Economists now see a lower chance of any further changes to Bank of Japan monetary policy through the 2019 calendar year, after the central bank last week announced the most significant changes in two years.
The 42 respondents to a survey were unanimous in predicting no additional action this year. More than half — 57 percent — said they expect it only after 2019 — up from 41 percent in the poll prior to the July meeting.
The latest poll was conducted from Friday through Monday.
A sales tax hike scheduled to take place in October 2019 will probably prevent the BOJ from risking an outright hike in the target for 10-year bond yields, said Shigeto Nagai, head of Japan economics at Oxford Economics in Tokyo.
“Until they confirm at least some of the effects of the sales tax hike, I don’t think the BOJ can move their 0 percent target,” Nagai said.
The BOJ kept that yield target nominally unchanged on July 31, while saying it would let the yield move in a slightly wider range. It also cut the amount of commercial bank reserves subject to its negative interest rate and introduced forward guidance, saying it would keep interest rates extremely low for “an extended period of time.”
Economists disagreed about whether the changes amounted to a small step toward normalization. The BOJ said they were meant to increase sustainability as it struggled to reach its 2 percent inflation target — a goal that is increasingly seen as out of reach.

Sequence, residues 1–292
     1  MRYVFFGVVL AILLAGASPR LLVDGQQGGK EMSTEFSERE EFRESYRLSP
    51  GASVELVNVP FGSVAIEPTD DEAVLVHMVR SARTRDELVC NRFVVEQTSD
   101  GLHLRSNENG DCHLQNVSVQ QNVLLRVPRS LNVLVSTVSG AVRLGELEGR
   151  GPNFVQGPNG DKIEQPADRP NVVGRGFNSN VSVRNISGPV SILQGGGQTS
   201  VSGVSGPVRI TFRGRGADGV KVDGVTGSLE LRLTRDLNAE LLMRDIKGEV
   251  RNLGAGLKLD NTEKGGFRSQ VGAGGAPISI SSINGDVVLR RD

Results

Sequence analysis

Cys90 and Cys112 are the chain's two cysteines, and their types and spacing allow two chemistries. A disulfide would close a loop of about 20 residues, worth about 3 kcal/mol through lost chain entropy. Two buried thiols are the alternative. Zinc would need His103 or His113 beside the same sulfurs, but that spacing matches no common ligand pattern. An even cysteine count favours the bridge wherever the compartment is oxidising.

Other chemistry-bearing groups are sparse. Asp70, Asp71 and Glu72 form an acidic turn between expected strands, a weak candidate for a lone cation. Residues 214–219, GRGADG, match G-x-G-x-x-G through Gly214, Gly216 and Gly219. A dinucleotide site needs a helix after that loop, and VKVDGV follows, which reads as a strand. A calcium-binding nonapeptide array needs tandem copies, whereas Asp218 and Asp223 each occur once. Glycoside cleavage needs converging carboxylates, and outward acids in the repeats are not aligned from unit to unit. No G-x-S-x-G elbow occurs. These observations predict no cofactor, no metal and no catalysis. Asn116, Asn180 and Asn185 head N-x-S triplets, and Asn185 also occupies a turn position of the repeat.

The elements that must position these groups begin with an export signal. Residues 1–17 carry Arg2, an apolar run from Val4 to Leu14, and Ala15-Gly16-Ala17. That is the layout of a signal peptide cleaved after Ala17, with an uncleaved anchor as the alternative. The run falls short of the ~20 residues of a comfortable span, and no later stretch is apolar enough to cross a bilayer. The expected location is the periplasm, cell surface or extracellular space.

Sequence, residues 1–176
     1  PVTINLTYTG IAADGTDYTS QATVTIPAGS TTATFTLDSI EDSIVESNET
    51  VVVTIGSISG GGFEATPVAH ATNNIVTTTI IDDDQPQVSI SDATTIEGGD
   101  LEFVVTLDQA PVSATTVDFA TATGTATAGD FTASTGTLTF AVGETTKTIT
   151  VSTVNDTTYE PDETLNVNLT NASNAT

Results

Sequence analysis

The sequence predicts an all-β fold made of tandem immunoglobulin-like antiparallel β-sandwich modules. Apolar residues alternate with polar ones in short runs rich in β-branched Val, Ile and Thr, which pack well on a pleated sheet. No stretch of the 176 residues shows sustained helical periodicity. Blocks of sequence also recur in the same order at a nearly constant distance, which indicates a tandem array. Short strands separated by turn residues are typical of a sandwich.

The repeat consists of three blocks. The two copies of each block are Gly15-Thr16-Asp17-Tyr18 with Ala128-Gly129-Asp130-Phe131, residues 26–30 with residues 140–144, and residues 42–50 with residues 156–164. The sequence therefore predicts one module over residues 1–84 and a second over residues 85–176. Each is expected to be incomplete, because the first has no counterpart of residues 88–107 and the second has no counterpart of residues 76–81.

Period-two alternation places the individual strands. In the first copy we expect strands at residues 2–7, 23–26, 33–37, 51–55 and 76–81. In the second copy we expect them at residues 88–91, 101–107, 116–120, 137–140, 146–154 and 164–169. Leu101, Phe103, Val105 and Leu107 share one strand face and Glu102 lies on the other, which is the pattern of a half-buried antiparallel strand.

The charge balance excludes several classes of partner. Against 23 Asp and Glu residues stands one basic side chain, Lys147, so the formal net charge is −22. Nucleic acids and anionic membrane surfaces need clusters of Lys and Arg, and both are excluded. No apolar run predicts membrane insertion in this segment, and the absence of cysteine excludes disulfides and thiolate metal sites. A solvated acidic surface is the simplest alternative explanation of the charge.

“I do have a baseline view that the 2 percent target is becoming an illusion, a mirage,” said Nagai, adding that 1 percent is likely the norm for the country over the long term.
The BOJ cut its inflation forecasts for coming years and now sees core consumer prices rising 1.6 percent in the fiscal year ending March 2021. Gov. Haruhiko Kuroda said momentum toward 2 percent remains in place, but hasn’t said exactly when he expects to hit it.
Nearly three-quarters of economists surveyed said they don’t expect that target to be reached until after the 2022 calendar year.
BOJ board members did the best they could to address policy side effects without excessively roiling markets, according to Mari Iwashita, chief market economist at Daiwa Securities Co.
“As proof that they handled it well, we saw neither extreme yen strengthening nor stock declines,” Iwashita said. “In that sense their method was perfect. That said, the market view on what the BOJ actually did has been split following the meeting, and we’ve seen a generally uneasy market for the past week.”
“In our view, the BOJ’s next move is likely to be an incremental boost to its yield-curve targets,” said economist Yuki Masujima. “But this is unlikely to happen by the end of this year, given the introduction of forward guidance to maintain the current extremely low yields for an extended period.”
The BOJ said it will continue looking closely at policy side effects, including the impact on profits at commercial banks.
“The BOJ and the banks are both in a long, drawn-out battle,” said Nana Otsuki, chief analyst at Monex Inc. in Tokyo. “From the banks’ perspective, policy sustainability isn’t at a level where the BOJ can keep going as is for years.”
Otsuki said she expected the BOJ to maintain its current policy framework for some time, but said the BOJ could take further steps to mitigate the effects on banks.
One option would be an even wider range for 10-year JGB yields, or it could shift its focus to targeting 5-year yields instead, Otsuki said.